We’ve all been there. We’re driving home from a party where we were engaged in robust conversation. Someone said something boneheaded and we thought, That was a boneheaded thing to say. But not wishing to hammer that very obvious nail, we did not reply.
Now, halfway home, it comes to us. The perfect comeback! Witty, wise, pithy. If only we could go back in time! We’d be like the legendary members of the Algonquin round table. (“He and I had an office so tiny, that an inch smaller and it would have been adultery.” – Dorothy Parker.)
There’s an entire Seinfeld episode based on this premise. George is at a Yankees’ board meeting where a platter of shrimp is served. He over-enthusiastically consumes the crustaceans, prompting another board member, Reilly, to remark, “Hey, George. The ocean called. They’re running out of shrimp.” The other members laugh. George can think of nothing to say in return.
Only later does he come up with what he thinks is the perfect comeback. “Oh, yeah? Well, the Jerk Store called, and they’re running out of you!” George’s friends are not impressed and offer alternatives. “No!” George insists. “It’s Jerk Store!”
Now George has to elaborately recreate the encounter. Reilly has since moved to Akron, Ohio to work for Firestone. George sets up an entire meeting there to discuss a Snow Tire Day at Yankee Stadium. He also arranges for a platter of shrimp to be served. He starts stuffing his face, and sure enough, Reilly makes the same crack. George stands and fires his comeback, but is unprepared for the comeback to the comeback.
George: Oh yeah, Reilly? The Jerk Store called, and they’re running out of you!
Reilly: So what? You’re their all-time bestseller!
Leaving George hung out to dry once again.
This fate does not have to befall your characters, for you have the luxury of time and reflection to give them wit on the spot.
Now, let me state up front that wit does not always mean funny. Many times it is, but the real basis of wit is sharpness. It gets the point across crisply, memorably.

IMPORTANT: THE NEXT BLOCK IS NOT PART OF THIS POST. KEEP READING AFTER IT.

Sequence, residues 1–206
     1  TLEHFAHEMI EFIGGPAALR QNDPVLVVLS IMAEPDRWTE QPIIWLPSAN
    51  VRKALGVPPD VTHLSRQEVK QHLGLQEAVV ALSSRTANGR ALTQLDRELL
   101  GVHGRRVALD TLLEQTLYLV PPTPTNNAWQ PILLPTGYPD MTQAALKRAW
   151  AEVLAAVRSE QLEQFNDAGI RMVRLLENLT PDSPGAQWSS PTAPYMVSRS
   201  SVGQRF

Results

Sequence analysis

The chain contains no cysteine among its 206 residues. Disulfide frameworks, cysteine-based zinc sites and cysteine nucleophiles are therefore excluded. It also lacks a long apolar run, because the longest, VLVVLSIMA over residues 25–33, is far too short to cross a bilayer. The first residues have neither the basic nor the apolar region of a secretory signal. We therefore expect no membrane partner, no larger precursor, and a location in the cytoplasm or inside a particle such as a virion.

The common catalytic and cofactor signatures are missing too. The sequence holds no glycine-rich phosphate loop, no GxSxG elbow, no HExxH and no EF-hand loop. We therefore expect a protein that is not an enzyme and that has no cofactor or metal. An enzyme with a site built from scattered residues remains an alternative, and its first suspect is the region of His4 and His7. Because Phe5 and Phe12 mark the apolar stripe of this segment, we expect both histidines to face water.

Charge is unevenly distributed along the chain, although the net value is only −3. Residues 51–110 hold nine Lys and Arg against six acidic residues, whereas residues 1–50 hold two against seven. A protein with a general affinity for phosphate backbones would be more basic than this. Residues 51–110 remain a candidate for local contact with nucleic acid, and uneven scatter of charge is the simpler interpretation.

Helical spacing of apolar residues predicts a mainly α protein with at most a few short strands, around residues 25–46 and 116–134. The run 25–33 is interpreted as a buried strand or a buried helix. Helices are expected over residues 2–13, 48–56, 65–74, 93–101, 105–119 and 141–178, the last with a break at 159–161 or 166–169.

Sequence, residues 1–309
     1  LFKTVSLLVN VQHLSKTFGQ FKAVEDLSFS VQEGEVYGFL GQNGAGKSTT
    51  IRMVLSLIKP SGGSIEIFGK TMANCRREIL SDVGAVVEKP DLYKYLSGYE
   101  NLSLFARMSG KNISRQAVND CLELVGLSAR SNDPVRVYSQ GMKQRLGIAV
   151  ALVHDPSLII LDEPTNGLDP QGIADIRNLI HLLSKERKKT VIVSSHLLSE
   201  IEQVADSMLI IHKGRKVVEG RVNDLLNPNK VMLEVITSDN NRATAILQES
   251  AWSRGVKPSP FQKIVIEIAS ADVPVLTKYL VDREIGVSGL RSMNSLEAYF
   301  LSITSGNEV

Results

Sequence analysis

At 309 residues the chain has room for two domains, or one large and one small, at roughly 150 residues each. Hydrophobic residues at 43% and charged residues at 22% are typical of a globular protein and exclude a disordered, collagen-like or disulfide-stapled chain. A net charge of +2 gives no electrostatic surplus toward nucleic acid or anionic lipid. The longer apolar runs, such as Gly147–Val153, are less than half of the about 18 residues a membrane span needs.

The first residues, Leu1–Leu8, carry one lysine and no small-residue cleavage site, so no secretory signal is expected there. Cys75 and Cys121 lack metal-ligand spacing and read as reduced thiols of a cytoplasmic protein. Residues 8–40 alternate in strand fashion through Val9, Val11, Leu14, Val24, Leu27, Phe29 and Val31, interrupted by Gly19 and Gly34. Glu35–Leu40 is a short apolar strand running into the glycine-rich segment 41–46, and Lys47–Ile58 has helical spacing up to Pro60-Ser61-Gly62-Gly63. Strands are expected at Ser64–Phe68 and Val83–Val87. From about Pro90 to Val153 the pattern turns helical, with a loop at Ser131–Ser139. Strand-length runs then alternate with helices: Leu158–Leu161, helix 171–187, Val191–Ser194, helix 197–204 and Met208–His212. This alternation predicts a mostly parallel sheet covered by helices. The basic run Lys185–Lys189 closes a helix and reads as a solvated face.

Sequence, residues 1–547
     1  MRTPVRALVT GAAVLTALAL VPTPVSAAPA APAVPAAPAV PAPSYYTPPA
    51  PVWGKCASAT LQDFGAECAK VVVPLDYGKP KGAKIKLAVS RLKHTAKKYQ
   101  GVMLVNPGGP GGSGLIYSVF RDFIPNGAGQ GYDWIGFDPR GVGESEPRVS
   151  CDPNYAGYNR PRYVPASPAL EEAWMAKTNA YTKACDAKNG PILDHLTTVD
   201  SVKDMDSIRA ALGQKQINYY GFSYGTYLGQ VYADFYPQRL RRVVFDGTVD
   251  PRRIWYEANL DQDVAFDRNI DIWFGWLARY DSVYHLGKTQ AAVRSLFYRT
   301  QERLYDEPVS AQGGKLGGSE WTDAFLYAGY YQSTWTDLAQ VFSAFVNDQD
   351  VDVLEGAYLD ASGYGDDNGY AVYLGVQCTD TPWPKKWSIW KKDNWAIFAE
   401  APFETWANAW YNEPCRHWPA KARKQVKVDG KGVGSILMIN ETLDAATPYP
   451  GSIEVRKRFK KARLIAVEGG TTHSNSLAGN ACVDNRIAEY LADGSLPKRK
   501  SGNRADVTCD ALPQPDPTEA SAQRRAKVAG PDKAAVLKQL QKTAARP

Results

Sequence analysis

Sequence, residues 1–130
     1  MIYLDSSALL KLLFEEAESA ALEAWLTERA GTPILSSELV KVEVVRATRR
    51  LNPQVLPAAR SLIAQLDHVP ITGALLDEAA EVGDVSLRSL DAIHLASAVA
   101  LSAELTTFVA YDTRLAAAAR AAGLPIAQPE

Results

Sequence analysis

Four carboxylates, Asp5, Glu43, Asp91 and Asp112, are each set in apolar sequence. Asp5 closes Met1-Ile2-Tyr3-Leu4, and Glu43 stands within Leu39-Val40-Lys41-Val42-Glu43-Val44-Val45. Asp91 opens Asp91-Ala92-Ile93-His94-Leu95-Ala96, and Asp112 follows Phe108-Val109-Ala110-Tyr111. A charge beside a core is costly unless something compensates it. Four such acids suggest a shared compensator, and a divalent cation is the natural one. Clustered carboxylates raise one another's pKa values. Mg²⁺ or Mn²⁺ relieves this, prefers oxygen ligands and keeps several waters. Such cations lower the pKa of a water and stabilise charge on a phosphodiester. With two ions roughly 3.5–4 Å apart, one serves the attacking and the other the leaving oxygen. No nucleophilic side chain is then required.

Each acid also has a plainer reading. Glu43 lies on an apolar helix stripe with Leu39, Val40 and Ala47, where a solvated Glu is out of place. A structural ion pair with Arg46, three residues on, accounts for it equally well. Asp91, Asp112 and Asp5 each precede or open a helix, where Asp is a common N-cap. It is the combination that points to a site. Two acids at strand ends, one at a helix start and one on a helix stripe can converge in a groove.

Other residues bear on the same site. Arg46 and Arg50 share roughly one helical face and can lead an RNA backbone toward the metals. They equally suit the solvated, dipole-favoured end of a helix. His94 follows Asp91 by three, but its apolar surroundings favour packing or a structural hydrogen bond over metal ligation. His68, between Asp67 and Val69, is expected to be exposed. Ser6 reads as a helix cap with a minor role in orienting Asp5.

For example, in Casablanca Rick (Humphrey Bogart) is talking to Ugarte (Peter Lorre), a low-level schemer. At one point Ugarte says, “You despise me, don’t you?”
Rick says, “If I gave you any thought I probably would.”
That’s sharp, memorable, and perfectly in keeping with Rick’s character.
Which is the key. You don’t want to force wit where it doesn’t belong. It needs to sound like smoothing the character would really say.
Curving the Language
I took a comedy writing class years ago taught by the late Danny Simon. Danny was Neil’s older brother and a veteran of the early days of television. Both Neil and Woody Allen credit Danny Simon with teaching them how to write narrative comedy.
One of Simon’s primary lessons was never to write “joke jokes.” The comedy had to be something the characters would actually say in the moment. So to make a line funny and memorable, he advised “curving the language.”
To do this, you write a line as it comes to you, which is usually in a plain-vanilla sort of way. Then you play with it—you curve it—until it takes on a wittier shape.
I’ll demonstrate with a line from a Lawrence Block short story. Two cops are talking about a suspect who is not exactly lovely to look at. One cop asks the other how ugly is this guy?
Now, the plain-vanilla line could have been, “Really ugly.”
Not very snappy, is it? How about, “God made him really ugly.”
Keep curving. “God made him as ugly as he could.”
Getting there, but not quite. The actual line in the story is:
“God made him as ugly as he could, then hit him in the face with a shovel.”
As a rule of thumb, try to put one gem of a line in each of the four quadrants of your novel: Act 1, Act 2a, Act 2b, and Act 3. Each time it happens, the character will jump off the page.
So try this in your novel:
- In each act identify several lines of dialogue where your character conveys strong emotion or opinion.
- Curve the language of each line, making them snap and sparkle.
- Check to make sure it doesn’t feel forced, but is in keeping with the character you’ve created. Choose and use the best ones!
Characters who “jump off the page,” who are full and rounded and, at times, unpredictable in what they both say and do, make for a truly memorable reading experience. That’s what makes fans out of readers!